Shoppers Still Prefer Brick-and-Mortar – Here’s How Online Retailers Can Compete

For years, small brick-and-mortar retailers have been stressing out about competition from online retailers. But now a new survey suggests that physical retail locations may actually have an advantage, and it’s the ecommerce businesses that need to step up.

Despite the growing popularity of online shopping, 90 percent of retail sales still take place in physical stores, according to an AT Kearney report. The study polled consumers of all ages at all stages of the buying process—discovery, trial, purchase, delivery/pickup and return—and the results revealed that shoppers at almost every age would rather visit a brick-and-mortar location than shop online.

However, all is not lost for online retailers. Here are some tactics that can help your ecommerce business compete effectively:


    Consumers in the survey perceive in-store service as better than online customer service, so make sure your customer service can compete. Ensure that site visitors can quickly find FAQs, phone numbers or online chat tools to answer questions. Pay special attention to returns—customers have fears about returning products in the mail, so explain your return policy in detail and provide free return shipping labels.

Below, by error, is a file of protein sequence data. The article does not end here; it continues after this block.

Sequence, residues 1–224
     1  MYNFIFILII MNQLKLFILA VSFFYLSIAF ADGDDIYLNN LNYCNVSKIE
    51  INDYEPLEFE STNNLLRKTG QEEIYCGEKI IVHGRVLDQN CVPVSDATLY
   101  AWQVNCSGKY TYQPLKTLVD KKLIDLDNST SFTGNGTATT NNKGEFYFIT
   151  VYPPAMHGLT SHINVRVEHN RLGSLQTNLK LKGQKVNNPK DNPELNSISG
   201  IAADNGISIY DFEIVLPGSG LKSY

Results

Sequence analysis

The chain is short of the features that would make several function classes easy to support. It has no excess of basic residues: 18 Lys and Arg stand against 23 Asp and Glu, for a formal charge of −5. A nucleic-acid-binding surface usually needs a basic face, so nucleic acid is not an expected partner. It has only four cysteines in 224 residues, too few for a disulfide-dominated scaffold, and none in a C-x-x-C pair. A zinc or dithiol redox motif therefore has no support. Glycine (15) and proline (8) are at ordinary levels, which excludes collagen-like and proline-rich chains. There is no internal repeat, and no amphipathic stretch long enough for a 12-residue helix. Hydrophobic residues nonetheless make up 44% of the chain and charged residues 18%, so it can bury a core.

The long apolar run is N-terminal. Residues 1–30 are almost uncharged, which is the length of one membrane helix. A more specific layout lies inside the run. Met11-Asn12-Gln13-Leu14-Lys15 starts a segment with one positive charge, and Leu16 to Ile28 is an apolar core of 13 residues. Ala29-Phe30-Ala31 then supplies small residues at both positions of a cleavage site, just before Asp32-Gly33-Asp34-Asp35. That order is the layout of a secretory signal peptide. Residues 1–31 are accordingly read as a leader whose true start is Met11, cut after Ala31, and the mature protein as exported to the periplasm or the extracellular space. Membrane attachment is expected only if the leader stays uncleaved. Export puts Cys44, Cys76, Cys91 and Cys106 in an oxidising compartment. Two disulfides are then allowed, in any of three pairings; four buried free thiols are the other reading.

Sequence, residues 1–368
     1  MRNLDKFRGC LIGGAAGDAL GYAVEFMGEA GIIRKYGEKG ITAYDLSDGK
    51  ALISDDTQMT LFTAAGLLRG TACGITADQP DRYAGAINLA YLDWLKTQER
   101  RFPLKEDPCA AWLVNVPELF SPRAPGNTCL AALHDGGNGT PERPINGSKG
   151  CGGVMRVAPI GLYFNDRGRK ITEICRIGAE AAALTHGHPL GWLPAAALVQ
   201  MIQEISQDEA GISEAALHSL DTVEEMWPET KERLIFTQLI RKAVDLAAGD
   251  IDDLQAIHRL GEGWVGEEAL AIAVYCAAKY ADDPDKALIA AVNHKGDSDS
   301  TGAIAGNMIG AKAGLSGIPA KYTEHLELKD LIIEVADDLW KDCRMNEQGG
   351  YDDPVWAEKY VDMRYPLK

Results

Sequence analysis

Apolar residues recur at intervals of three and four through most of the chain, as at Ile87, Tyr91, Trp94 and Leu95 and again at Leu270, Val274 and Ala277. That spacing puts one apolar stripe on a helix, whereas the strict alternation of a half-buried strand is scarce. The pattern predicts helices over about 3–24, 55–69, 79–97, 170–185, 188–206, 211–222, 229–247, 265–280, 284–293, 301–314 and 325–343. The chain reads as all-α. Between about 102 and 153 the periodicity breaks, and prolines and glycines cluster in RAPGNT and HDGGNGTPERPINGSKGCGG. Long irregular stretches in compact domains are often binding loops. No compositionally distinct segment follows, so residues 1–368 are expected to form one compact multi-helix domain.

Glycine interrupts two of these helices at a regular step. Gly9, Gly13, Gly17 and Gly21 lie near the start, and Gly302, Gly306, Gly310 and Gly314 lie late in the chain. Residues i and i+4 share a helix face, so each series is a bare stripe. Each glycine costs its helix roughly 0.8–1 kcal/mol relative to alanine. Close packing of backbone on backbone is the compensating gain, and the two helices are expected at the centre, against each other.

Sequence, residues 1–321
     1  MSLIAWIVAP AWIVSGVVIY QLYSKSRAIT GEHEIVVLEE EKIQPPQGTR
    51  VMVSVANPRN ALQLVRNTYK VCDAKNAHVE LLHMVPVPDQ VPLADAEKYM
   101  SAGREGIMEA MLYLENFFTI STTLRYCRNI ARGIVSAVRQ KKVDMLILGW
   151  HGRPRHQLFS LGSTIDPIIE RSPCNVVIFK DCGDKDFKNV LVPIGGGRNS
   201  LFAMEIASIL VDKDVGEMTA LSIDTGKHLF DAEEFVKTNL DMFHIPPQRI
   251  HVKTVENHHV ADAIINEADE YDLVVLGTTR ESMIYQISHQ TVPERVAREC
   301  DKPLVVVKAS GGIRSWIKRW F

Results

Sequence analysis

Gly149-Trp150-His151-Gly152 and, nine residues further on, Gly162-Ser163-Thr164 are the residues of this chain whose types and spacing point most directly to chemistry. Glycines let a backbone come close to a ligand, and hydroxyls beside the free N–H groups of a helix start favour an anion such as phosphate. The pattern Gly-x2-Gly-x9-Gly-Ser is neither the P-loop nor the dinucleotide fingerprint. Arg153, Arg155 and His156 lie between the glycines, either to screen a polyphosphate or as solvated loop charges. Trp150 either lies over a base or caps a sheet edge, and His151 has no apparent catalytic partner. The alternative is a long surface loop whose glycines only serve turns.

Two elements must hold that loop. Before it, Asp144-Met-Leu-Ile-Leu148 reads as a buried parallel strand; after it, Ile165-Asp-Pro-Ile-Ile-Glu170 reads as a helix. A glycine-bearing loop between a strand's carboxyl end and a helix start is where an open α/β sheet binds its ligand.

2. A PICTURE IS WORTH A THOUSAND WORDS is a great example of how images can be used to create the next best thing to an in-store experience. Make sure your product shots are clear, and that the items can be viewed from multiple angles and different colors. You might even consider adding video footage of your products.


    Keep your website choices from being overwhelming by using “Filter” tools so that users can narrow choices down from, say, 4,327 lamps to 37 lamps. Filters such as size, material, color, cost and customer rating are all useful in ensuring customers don’t get frustrated and leave.


    Customer ratings are invaluable in helping you make the sale. Provide the option for customers to review products. You can either allow them to write their own reviews or simplify things by providing yes/no or multiple-choice options such as “Runs large/runs true to size/runs small” or “Would you recommend to a friend? Y/N.”


    The future of retail belongs neither to brick-and-mortar nor online retailers, but to a hybrid. Customers want to order products online, but pick them up in store, or visit a store to touch merchandise, but order it online. If you want to test the waters of brick-and-mortar, but don’t want to invest in a full-scale store, consider less costly options such as a seasonal cart or kiosk, or a temporary “popup” location.

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